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Both macular degeneration and diabetic retinopathy can cause “blindness” from neovascularization. Both are diseases of the retina, both can lead to “blindness,” both increase with age/time and both can be associated with abnormal blood vessel formation known as “neovascularization.”
The two diseases differ in the location of the neovascularization.
Diabetic Retinopathy – In cases of diabetic retinopathy, the presence of neovascularization defines a particular stage of eye disease; proliferative diabetic retinopathy. The neovascularization may “proliferate” along the surface of the retina and other structures inside the eye. As long as the VEGF is circulating, the vessels will continue to grow.
Diabetic retinal detachments may occur if the the neovascular tissue proliferates out of control. Neovascular glaucoma may develop if the abnormal blood vessels “clog” the internal drain of the eye. In this case, intraocular fluid that normally filters out of the eye can no longer escape as the drain is closed. The pressure escalates out of control and severe pain (and redness) develop.
In short, proliferative diabetic retinopathy, as defined by the presence of neovascularization, can causes retinal detachments and neovascular glaucoma (not the usual form of glaucoma). Both are mechanisms by which diabetes can cause blindness.
Macular Degeneration – “Wet” macular degeneration, by definition, exists when neovascularization develops underneath the retina. This neovascular tissue causes physical separation of the layers of the retina and destruction of the normal tissue. Almost all neovascularization leaks, and, at times, bleeds. Loss of central vision occurs due to this rather rapid growth of abnormal blood vessels.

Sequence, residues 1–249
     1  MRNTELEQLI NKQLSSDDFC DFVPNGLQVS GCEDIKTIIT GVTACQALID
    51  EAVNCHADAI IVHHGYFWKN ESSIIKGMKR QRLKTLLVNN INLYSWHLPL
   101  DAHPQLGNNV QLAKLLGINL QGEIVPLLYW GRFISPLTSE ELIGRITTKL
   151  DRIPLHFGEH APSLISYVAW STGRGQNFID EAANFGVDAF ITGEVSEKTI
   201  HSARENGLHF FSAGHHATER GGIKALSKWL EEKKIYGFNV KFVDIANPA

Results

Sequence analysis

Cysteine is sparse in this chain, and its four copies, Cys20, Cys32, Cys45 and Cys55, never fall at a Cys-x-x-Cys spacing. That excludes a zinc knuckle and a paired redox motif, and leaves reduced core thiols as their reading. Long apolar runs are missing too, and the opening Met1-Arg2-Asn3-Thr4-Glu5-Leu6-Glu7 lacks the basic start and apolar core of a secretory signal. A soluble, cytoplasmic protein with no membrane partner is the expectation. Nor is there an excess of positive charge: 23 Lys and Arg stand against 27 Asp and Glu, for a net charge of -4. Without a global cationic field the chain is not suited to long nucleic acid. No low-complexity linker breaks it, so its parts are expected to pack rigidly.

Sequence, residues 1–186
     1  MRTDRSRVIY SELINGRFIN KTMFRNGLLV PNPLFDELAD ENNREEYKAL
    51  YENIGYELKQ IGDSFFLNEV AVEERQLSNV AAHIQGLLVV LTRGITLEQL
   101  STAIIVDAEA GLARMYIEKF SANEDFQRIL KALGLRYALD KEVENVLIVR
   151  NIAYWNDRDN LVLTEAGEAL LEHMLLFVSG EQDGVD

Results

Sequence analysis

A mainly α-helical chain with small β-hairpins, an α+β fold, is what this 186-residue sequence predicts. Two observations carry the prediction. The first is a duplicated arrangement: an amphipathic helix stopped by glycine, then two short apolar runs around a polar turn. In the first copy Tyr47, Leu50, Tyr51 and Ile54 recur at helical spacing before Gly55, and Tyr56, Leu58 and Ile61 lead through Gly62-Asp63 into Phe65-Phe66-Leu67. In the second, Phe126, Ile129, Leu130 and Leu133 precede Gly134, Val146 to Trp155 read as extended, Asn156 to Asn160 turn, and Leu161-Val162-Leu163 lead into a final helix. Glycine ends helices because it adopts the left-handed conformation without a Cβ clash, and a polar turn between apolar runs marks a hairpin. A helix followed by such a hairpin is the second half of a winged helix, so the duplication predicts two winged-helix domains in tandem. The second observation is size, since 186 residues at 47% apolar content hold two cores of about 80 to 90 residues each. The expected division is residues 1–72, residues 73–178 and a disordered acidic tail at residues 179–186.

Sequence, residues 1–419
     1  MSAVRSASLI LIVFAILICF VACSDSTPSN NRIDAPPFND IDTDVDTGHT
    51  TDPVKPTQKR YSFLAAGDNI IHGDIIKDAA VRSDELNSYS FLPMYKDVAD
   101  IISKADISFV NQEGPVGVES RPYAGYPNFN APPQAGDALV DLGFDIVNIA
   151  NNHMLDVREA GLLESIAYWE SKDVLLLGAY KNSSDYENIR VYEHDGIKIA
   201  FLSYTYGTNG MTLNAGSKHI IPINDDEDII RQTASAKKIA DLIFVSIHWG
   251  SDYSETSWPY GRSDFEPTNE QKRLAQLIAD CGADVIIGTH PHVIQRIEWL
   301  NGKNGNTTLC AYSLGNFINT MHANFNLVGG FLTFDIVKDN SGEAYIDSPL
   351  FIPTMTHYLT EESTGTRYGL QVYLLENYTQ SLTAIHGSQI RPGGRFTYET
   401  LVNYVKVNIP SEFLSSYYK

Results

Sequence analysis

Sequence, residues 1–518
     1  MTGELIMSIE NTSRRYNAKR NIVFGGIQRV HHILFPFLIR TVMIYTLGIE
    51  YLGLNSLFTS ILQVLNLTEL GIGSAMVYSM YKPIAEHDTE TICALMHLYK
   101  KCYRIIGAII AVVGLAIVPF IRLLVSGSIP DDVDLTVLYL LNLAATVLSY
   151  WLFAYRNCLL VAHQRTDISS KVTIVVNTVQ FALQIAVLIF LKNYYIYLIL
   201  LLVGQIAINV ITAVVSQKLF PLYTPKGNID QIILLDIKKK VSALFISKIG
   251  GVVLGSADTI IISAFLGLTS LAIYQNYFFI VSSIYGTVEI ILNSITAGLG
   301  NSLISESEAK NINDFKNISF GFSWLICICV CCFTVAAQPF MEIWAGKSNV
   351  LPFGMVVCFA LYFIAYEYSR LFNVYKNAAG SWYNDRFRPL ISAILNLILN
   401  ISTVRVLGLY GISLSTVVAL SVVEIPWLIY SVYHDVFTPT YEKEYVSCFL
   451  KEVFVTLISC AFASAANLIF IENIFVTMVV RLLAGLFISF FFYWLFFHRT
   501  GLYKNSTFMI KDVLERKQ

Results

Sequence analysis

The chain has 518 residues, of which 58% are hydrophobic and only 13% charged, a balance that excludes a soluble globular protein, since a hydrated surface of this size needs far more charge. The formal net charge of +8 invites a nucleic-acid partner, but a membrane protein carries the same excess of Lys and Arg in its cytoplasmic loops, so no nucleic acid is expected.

VEGF - In either case, neovascular tissue is a complex of “abnormal blood vessels.” As best we can tell, neovascular tissue develops in response to Vascular Endothelial Growth Factor, or VEGF. This growth factor causes both proliferation of the neovascular tissue and sustains existing neovascularization. Without circulating VEGF, the neovascular tissue shrinks up and goes away.
Anti-VEGF treatments are simply directed at blocking the effects of VEGF.
Anti-VEGF medications (e.g. Avastin, Lucentis and Macugen) are antibody like molecules that find circulating VEGF and prevent VEGF from “doing its duty.” The treatment of choice for proliferative diabetic retinopathy remains pan-retinal photocoagulation (PRP). The end result of PRP is decreased … VEGF.
With timely diagnosis, both diseases can usually be controlled. Neovascularization in diabetes can be reversed before a retinal detachment is formed, neovascular glaucoma may be reversed and “wet” macular degeneration can be halted.
What Does This Mean? A few years ago, I would not have been able to write this article. We have learned a lot about the mechanisms by which both diabetic retinopathy and macular degeneration cause blindness. It amazes me how the pathogenesis (i.e. the disease process) of both diseases are so similar. Both diseases can cause blindness via VEGF.
This is why it is so confusing. Two separate diseases that respond to the same treatment.
A detached retina is potentially blinding. The retina is the light sensitive tissue that lines the inside of the eye. A retinal tear or hole usually leads to a retinal detachment. Floaters can sometimes be the earliest, and only, symptom. Many times there is little warning and a retinal detachment usually occurs without trauma.
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Randall V. Wong, M.D.
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Dressler Ophthalmology Associates, PLC
Randall V. Wong, M.D.
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